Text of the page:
Wednesday, January 16, 2008

McHanville on councilors? minds

City to meet with Sun Valley and county on Thursday

Express Staff Writer

Blaine County Regional Planner Jeff Adams, left, spoke to the Ketchum City Council, including Curtis Kemp, right, on Monday in preparation for a meeting on the McHanville ?South Gateway? on Thursday. The meeting will be held with officials from Sun Valley and Blaine County, as well as a planning consultant. The county?s preferred redevelopment could see a total of 850 homes on the 90 acres that make up the area. Photo by Willy Cook

In anticipation of a joint meeting with the Blaine County Commission and the Sun Valley City Council scheduled for Thursday, Jan. 17, the Ketchum City Council on Monday reviewed its vision for development of the McHanville and "South Gateway" area.

Blaine County Regional Planner Jeff Adams was on hand to give a history and glimpse of the potential future of this much-debated stretch of land, which runs from St. Luke's Wood River Medical Center south to the Clear Creek industrial area on the east of state Highway 75.

"This is some history so that we can get down to business on Thursday," Adams said, adding that he hoped the information would be especially useful for new council members Curtis Kemp and Larry Helzel.

Adams said the impetus behind the process is the current non-conformity to county zoning that abounds in this highly visible area, which for now has a mixture of commercial and residential uses.

Adams reviewed much of the information presented in September by Jeff Winston, of Winston Associates, a Boulder, Colo.-based planning firm, including the county's preferred scenario for development. That entails about 650 new units, in addition to 200 existing residences, throughout the 90 acres, achieved in part through a sizable increase in the number of housing units that could be built on the undeveloped bench along Cold Springs Road west of St. Luke's. The bench is about 100 feet above the grade of Highway 75 and is not visible from it.

The concept presented would see a significant change to existing county zoning to allow more density, up to 10 units per acre.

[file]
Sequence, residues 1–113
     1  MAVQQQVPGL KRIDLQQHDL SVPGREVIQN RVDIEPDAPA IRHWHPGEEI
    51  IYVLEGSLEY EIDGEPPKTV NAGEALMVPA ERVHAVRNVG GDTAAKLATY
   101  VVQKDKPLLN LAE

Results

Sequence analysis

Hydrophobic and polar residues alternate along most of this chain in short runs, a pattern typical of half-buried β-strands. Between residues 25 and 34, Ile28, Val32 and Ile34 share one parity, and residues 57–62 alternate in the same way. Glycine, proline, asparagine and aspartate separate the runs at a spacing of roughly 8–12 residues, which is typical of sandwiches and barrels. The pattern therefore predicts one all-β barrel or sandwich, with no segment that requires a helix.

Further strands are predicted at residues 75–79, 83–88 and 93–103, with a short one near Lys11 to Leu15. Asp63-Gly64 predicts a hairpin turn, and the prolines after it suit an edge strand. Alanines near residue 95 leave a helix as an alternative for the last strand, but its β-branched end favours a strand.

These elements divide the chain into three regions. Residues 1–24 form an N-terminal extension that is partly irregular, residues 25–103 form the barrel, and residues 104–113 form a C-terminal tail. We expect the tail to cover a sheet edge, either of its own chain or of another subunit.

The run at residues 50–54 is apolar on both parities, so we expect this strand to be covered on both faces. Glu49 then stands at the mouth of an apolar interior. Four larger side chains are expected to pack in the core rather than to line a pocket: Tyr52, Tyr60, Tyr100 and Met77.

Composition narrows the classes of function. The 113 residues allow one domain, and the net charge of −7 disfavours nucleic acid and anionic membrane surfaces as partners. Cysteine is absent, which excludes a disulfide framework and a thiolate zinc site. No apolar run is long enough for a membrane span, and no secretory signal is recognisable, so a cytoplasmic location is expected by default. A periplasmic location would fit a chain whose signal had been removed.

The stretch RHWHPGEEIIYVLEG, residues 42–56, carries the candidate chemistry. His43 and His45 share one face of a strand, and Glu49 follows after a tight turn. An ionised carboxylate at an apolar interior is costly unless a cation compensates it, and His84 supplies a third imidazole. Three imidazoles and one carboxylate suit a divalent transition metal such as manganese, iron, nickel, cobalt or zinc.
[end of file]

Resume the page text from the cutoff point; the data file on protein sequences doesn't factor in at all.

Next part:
Adams said the county's goal for the gateway area is to improve its appearance while bringing conformity to both use and size, as well as the creation of affordable housing. Future steps toward that end would include completing a master plan for the area.

Ketchum City Planner Stefanie Webster said that Thursday's meeting, at which consultant Jeff Winston will be present, is aimed at giving the county more specific direction from Ketchum and Sun Valley in regards to the proposed density of the project and its funding.

Adams said on Monday that the current budget allocated for work by Winston Associates is nearly finished and a decision must be made as to where funding on this project could best be spent.

The public is invited to attend Thursday's meeting at Ketchum City Hall.

In other Ketchum news:

· 48 Straight, a newly-named company that will present this year's Jeep King of the Mountain series, formerly known as the Honda Ski Tour, received unanimous support from the Ketchum City Council, which authorized a cash contribution of $10,000 on Monday, Jan. 14. In addition to the money, the city also authorized in-kind contributions, the most important being police and ambulance services, though the exact cost of these has yet to be determined.

48 Straight will bring the Jeep King of the Mountain competition and festival to Sun Valley from March 14 to March 16.

· The council passed a resolution to enter into a contract with an executive search firm, Greg Prothman Co., to assist with the recruitment of a new city administrator. Prothman's services were used by Sun Valley to hire its interim city administrator, Jerry Osterman, and by Blaine County to hire Administrator Mike McNees. The service will cost the city $18,000 plus expenses.

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